D&D General Back story adventure

Dr Toad

First Post
Two of my players want to live/play out their back story. Trying to figure out the best way to do this in campaign. In preparation for this I have fleshed out back stories to include much more detail and history including places and past event in current campaign. I have only run three sessions ever as a DM and haven't played in 30+ years.

Ideas include:
  • Dreams/flash backs that connect them to current events but flesh out history, possible induced maliciously by an NPC to try and drum up painful memories to gain information about past events, gain advantage over players, or gain information to control them or harm their loved ones.
  • Separate campaign that starts with a younger version of themselves with other players being people in back story or NPCish characters.
  • Connect back story to current events via NPCs telling them about their history
  • Time travel event "back to the future" style having to fix the time line in their own history
 

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payn

Legend
Unless you are starting higher than level 1, I'd watch out for doing super awesome things in backstory that they wouldn't be capable of when the game starts.
 

Dioltach

Legend
For a Star Wars campaign once I ran quick solo adventures for all the players to establish how their characters came to join the Rebellion. Obviously there wasn't a huge amount of depth, but it was fun.

If the campaign is already underway, but you still want to keep it exciting, one way to go would be to run the backstory from someone else's perspective: a mentor or older relative. The PC becomes an NPC sidekick, and you don't have to worry about the character becoming overpowered or dying - it's all part of the backstory.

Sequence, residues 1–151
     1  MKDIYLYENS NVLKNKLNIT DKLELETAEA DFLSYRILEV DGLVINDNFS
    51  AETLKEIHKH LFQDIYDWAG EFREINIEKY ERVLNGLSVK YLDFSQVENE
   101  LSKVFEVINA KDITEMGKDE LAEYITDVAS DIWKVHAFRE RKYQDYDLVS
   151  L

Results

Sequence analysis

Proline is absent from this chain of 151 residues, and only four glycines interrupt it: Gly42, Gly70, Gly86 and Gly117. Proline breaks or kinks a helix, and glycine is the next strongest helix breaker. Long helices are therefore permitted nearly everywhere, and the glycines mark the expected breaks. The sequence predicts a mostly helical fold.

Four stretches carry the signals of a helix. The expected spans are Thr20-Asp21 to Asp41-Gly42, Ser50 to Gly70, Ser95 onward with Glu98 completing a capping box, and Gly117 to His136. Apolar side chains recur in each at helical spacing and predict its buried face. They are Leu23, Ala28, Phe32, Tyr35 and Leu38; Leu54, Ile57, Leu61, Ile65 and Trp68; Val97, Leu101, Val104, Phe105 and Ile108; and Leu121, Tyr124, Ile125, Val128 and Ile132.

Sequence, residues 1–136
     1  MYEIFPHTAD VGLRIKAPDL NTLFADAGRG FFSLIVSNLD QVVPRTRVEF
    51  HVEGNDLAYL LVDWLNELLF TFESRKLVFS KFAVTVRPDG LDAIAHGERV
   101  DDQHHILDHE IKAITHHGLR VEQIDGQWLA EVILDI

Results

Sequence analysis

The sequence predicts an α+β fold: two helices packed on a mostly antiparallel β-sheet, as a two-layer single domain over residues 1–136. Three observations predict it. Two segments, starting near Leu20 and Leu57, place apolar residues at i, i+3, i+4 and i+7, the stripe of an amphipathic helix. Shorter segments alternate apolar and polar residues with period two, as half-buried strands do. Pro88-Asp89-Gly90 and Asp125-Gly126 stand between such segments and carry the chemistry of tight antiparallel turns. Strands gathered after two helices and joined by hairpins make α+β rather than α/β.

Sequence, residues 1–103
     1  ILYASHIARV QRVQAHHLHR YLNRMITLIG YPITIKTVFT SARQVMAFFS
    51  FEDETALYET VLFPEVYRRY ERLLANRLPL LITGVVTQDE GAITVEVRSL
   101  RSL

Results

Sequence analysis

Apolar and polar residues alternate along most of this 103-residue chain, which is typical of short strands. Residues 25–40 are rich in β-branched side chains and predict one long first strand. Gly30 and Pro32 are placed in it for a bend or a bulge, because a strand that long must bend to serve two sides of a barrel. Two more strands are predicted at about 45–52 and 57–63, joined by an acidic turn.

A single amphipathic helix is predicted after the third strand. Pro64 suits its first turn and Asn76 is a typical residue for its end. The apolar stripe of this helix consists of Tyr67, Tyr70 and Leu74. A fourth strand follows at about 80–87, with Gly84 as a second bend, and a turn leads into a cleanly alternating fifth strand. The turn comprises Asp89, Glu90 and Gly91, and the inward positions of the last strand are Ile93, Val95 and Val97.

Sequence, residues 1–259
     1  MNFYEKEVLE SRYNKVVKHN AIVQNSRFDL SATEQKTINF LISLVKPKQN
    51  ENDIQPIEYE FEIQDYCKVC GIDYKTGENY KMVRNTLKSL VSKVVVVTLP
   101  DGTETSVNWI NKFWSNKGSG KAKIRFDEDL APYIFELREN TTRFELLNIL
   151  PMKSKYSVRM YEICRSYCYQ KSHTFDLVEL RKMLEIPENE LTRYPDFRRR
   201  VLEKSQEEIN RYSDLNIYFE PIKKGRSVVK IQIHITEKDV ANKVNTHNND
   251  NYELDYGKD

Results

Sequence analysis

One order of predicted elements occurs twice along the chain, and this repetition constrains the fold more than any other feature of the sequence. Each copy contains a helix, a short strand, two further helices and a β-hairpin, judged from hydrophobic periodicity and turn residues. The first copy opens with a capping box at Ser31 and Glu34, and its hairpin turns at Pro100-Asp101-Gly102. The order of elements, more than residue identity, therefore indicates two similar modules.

Dr Toad

First Post
Good point on the awesomeness of the tasks. I like the solo campaign idea with the player as a 2nd/3rd party observer. With the solo adventure how did you involve the other players at all?
 

overgeeked

B/X Known World
I really hate players bringing involved and epic backstories to the game. If you’re playing a 1st-level character with zero XP, you don’t have 30-pages of backstory. You’ve got a paragraph at most.

If a player wants to play through something they have in mind, that’s cool. They’re handing you a plot hook they’ll always bite. Convert it from settled backstory to an active plot hook and play through it at the table. Take the backstory, roll it back to the point where it’s unresolved, then drop it in the game. Instead of “I quested for years and fought my brother for my birthright” it becomes “I need to quest for years and fight my brother for my birthright.”

Having something set in stone that’s already resolved in a specific way doesn’t sound fun to play through. There’s no danger or risk. No chance things can go sideways. So, to me, there’s no fun in playing through it. You’re following a script, not playing a game.
 


overgeeked

B/X Known World
That is my challenge making it playable without altering history, having it be too difficult, and making entertaining.
Right. That's the problem. It's set history. Which makes it basically impossible to play through. It's set in stone. It's doing a table read of a bit of the player's fiction. If they're willing to make it not history, rather something they need to do in the future, i.e. not predetermined, then you can make it playable. Because it's got possibilities. Good rolls, bad rolls, things can change, etc. If it's set in stone, there's no play there.

Like playing a game of Star Wars. Your players want to exactly replicate the first Star Wars movie. But as an RPG. Nothing gets changed and everything plays out exactly like the movie. Those are mutually exclusive. Either it's a game where things can change, or it plays out exactly as written. You can't have both.

Or Doctor Who. Your characters' backstories are fixed points in time. You can't change them. If you can't change anything, there's no point in playing through it. You're back to doing a table read of the players' fiction.

Your players are asking for the impossible.
 

"Play" or develop it by email. As others have said, any background experience etc are not adventures except in the theme of how a child has an adventure the first time they get ice cream, or see a kobold, or meet a celebrity, or visit some temple or library.
 

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